Frank Hall was born in Newry, County Down in 1921. After a brief unsuccessful attempt at becoming a musician he moved south of the border to Dublin. He began his journalistic career in 1947 working for Independent Newspapers. He started working for the paper’s picture desk but in the early 1950s began writing a Saturday night dance column ‘Tempo’ for the Evening Herald then in heavy competition with the Evening Press. Under the pseudonym Frank Lee, he began the Evening Herald’s first diary which became known as ‘Going Places’. He also wrote a regular record review column for the paper under the by line Rick O’Shea.
Frank interviewed the Beatles on the occasion of their visit to Dublin for a concert in Abbey Street and famously reacted after the interview that he believed that their popularity would not last.
He started in the RTE News room in 1964 presenting a topical programme called 'Newsbeat' but is most famously remembered as host of the political satire show Halls Pictorial Weekly that also starred Eamon Morrissey and Frank Kelly. The show ran from 1971 until 1980 broadcasting almost 250 episodes. In an interview Frank revealed that the programme was recorded on a Thursday with the crew in studio from 10am until 8.30pm that night. The show was the edited and broadcast the following Thursday. A far cry from Jon Stewart’s Comedy Channel ‘Daily Show’ that is on air today. It is said that during the halcyon days of \Hall Pictorial that Frank single handily kept comedy alive on RTE television.
The show was set in the fictional town of Ballymagash and Frank trawled the local and provincial newspapers to get the funniest stories. An ensemble of characters appeared on the show with Frank and they themselves became household names like The Minister for Hardship and Cha and Miah, two Cork wits who knew everything about nothing.
(A Youtube clip of Cha and Miah can be found at
The show is thought by many political commentators as a major part of the downfall of the Liam Cosgrave led Fine Gael/ Labour coalition Government of 1973 – 1977. His depiction of a Dickensesque Minister for Hardship, played by Eamonn Morrissey satarized the then Government seriously damaging its public perception. In the 1977 General Election Fianna Fail’s Jack Lynch swept to power with one of the biggest majorities seen in Parliament. Franks depiction of local county councils is still referred to today as the ‘ballymagash’ style.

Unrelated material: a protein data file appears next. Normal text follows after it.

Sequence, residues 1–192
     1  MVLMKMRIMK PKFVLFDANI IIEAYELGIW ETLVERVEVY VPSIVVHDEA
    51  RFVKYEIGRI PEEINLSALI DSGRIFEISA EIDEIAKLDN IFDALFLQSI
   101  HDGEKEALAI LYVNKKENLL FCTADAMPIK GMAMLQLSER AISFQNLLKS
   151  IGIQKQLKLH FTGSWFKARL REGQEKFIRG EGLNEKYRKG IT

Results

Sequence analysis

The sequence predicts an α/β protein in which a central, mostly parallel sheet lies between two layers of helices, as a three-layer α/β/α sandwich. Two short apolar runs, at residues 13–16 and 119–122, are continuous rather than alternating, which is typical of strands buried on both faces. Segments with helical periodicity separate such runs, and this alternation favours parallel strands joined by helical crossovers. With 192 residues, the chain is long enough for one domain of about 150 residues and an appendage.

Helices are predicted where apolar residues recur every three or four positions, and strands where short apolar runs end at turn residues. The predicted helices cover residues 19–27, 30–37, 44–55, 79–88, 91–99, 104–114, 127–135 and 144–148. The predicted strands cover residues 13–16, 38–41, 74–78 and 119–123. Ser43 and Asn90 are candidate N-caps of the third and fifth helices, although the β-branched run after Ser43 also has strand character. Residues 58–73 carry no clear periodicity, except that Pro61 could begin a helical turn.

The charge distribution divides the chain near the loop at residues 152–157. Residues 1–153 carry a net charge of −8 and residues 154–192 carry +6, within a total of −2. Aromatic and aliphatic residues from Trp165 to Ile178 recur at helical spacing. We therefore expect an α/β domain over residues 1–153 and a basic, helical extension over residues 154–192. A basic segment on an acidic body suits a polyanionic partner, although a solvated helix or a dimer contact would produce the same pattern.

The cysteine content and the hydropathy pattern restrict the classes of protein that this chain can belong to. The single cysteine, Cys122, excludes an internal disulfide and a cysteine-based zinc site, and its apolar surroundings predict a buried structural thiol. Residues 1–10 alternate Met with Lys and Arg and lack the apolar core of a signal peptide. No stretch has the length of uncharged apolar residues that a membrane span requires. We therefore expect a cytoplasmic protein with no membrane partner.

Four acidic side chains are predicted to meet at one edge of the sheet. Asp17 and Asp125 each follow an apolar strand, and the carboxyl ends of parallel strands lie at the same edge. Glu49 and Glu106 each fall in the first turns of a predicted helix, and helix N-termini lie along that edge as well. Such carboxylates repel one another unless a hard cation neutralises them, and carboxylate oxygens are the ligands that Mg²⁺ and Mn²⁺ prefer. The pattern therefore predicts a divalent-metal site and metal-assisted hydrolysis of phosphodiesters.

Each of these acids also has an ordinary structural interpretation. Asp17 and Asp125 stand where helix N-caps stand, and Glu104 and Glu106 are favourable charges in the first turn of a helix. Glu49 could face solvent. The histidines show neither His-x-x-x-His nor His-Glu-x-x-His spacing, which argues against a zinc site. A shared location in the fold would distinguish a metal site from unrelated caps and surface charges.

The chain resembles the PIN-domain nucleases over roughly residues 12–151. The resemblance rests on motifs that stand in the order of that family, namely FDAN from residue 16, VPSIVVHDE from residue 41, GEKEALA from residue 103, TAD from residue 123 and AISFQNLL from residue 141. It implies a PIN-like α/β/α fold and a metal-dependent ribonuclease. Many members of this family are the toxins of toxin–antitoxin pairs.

Frank Kelly when asked about the controversial axing of Halls Pictorial Weekly said that the then RTE controller of Programme Muiris MacConghail had taken the final decision and had persuaded Frank to give up the show after twelve years on the air. His fame never phased him. He counted one day that he had met a school friend from Newry who had been working at a border customs post until the IRA blew it up. When they met his friend asked him ‘what are you into?’ to which Frank replied ‘television’, ‘Is that making them or selling them? Came the reply proving that Frank’s fame was struggling to travel even around the island.
‘Ballymagash’ was a short lived reincarnation of the show in January 1983 broadcasting on Monday nights. Location filming for the series was done around Summerhill in County Meath. In keeping with the times, the show’s fictional town had its own pirate radio station.
He was host for one season of the Late Late Show in 1964 when Gay Byrne briefly departed to broadcast in the UK. The critics were not kind to him and only relented when the show reintroduced the panel to the show.
In the mid 80s he was presenting a Sunday Night programme called Hall and Company but would leave RTE to take up a new role on behalf of the State.
Frank was appointed the Irish Censor replacing the late Dermot Breen then leaving the position to Sheamus Smith in September 1986. During his time at the Censors Office Among the films banned by him was Monty Python's Life of Brian, which he described as "offensive to Christians and to Jews as well, because it made them appear a terrible load of gobshites".
Frank passed away in September 1995 following a heart attack. He was married to Aileen Kearney and was survived by Aileen and their five children Don, David, Geraldine, Vivienne and Julie
The publishing of his will showed that he had left an estate valued at £257,098.
RTE Archives section of Frank Hall can be found at